“We spread an abundant and delicate feast in the programs and each small guest assimilates what he can.”Charlotte Mason
Glancing back a bit at this term, my heart swells at the baby rhythms that have transitioned to well worn tracks of mental habits. We have 1 Corinthians stored in our head and hearts, genuinely enjoy reciting poetry for each other at breakfast and have grown an appetite for more of Longfellow’s works. Role play (unbeknownst to them) is subconsciously infused with tall tale exaggerations and historical elements. Our eyes are being trained to notice the landscape/portraits of Thomas Gainsborough and the virtue in our read aloud characters have lifted their eyes to higher attitudes and behaviors. I have watched their eyes light up as they spin the globe talking about day turning to night, the poles and axis, and how the tilt causes the seasons. And I have even had completely unexpected moments like hearing “I just love Proverbs” after reading through a chapter that I assumed they wouldn’t understand. To which she followed up with “I don’t understand most of it now, but I will.” They may not remember every detail of information in this term, but a reverence for knowledge and a storehouse of beautiful words is assuredly laying a foundation.
One tradition we just started this year was welcoming family into that space with us as a celebration to close out our first 12 weeks. All gathered around the table, throughout the course of dinner we passed around a bowl with child-scribed prompts to keep the flow of the night. Sometimes it was a collective hymn sung. Or a poem that we would take turns passing around to recite, a historical or nature study fact of information shared, or an opinion on the artist hanging on the wall. It was a joy in the sense of watching their beaming pride before their “audience”, but also in my delight in seeing my entire family singing together or my brother and Dad reading bits of Longfellow and Stevenson. Oftentimes participating alongside a child in any good work nudges adults to move beyond themselves and into new places, yes?
There has been a quiet strengthening going on in my heart these last 12 weeks. It is the silent assurance that in my efforts of forming their characters, mine is being formed too. As I lay a mental feast for them, I am equally at the table learning and growing with them. As we all dash outside to flee the stale air of our home and sour attitudes, I too am filling my lungs with air and feeling the sun on my face.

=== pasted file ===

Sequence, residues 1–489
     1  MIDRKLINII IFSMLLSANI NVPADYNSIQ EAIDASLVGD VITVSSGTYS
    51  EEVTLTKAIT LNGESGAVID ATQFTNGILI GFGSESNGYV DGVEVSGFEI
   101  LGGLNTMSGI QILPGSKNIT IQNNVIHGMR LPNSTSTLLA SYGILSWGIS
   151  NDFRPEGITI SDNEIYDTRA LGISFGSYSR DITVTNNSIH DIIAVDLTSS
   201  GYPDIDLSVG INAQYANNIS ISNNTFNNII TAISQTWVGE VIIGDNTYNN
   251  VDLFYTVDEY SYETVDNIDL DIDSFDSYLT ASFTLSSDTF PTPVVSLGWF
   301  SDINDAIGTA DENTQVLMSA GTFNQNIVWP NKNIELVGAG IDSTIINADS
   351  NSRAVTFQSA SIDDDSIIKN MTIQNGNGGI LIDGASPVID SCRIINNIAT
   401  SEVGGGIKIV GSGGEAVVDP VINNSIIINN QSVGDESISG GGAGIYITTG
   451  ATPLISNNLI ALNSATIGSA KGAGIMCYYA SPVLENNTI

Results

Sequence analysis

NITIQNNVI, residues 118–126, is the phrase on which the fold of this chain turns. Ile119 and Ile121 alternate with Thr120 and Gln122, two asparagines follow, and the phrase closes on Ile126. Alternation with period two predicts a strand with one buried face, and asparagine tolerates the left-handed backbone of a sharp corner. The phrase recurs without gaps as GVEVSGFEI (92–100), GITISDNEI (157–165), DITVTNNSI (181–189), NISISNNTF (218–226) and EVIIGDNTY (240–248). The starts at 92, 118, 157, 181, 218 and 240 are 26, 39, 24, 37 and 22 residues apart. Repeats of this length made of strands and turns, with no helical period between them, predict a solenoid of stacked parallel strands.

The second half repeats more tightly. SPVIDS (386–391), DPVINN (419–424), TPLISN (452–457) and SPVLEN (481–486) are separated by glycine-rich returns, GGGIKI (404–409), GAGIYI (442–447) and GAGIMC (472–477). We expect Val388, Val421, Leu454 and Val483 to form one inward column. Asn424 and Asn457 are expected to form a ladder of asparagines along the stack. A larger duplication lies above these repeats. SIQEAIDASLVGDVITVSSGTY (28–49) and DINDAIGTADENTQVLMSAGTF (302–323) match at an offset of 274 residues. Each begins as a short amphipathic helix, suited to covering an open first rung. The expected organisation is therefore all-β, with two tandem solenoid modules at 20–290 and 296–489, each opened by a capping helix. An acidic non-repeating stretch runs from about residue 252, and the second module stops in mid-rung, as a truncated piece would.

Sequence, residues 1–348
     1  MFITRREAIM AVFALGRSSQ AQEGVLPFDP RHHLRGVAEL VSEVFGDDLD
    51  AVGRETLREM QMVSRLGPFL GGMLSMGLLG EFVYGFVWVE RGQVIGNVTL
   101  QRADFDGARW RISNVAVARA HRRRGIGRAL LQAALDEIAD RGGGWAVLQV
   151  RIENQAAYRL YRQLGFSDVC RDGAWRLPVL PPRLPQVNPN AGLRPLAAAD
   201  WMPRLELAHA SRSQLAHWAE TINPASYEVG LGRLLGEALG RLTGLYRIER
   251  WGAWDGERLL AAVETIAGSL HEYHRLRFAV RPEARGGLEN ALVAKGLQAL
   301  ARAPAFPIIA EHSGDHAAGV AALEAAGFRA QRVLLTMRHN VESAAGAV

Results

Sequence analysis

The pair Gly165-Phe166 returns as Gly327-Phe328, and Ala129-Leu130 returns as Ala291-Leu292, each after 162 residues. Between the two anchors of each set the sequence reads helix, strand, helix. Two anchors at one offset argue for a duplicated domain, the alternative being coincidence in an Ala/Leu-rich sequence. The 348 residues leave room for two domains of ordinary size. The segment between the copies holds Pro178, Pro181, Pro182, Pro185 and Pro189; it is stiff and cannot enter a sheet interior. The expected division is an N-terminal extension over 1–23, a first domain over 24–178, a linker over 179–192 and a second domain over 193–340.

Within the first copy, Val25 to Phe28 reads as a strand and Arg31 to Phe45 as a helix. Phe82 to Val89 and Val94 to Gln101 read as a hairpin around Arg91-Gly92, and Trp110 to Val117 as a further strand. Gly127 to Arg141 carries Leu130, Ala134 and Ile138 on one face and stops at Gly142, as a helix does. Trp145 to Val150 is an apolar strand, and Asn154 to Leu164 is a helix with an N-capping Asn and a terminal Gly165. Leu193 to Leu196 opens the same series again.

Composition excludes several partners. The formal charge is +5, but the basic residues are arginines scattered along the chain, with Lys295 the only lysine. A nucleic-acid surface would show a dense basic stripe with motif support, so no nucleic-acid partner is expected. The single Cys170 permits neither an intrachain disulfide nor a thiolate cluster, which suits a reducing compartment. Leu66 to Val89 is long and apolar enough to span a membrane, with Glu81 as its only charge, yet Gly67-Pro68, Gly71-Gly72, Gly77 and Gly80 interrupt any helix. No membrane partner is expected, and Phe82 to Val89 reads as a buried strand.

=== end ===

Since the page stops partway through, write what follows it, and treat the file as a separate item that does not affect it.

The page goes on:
Yes, motherhood can be characterized as being absolutely suffocating.
But it can also be an awakening of all the stale and sleeping places of our hearts. In our leading them to the beautiful things, the warm rays of those beautiful things touch us. Whether or not we want to acknowledge it. Whether or not we fight daily to cease thinking of all the things we must tend to so we can be in the present. With children, you have a chance at a rebirth to all the wonder in this world and the things you never once cared to know.
So read the poem, sing the song, sketch the flower. If you want your little ones to taste these things, invite yourself to the table too. You might as well for their sake and yours. In doing so, a flourishing domino chain will likely begin to fall. The eyes will see again, the breathing will deepen, the smile will come back, the laugh will burst out, the mind will awaken, and the joy will be felt.
“If mothers could learn to do for themselves what they do for their children when these are overdone, we should have happier households. Let the mother go out to play! If she would only have courage to let everything go when life becomes too tense, and just take a day, or half a day, out in the fields, or with a favorite book, or in a picture gallery looking long and well at just two or three pictures, or in bed, without the children, life would go on far more happily for both children and parents. The mother would be able to hold herself in ‘wise passiveness,’ and would not fret her children by continual interference, even of hand or eye — she would let them be.”Charlotte Mason – Vol, 3, pg. 33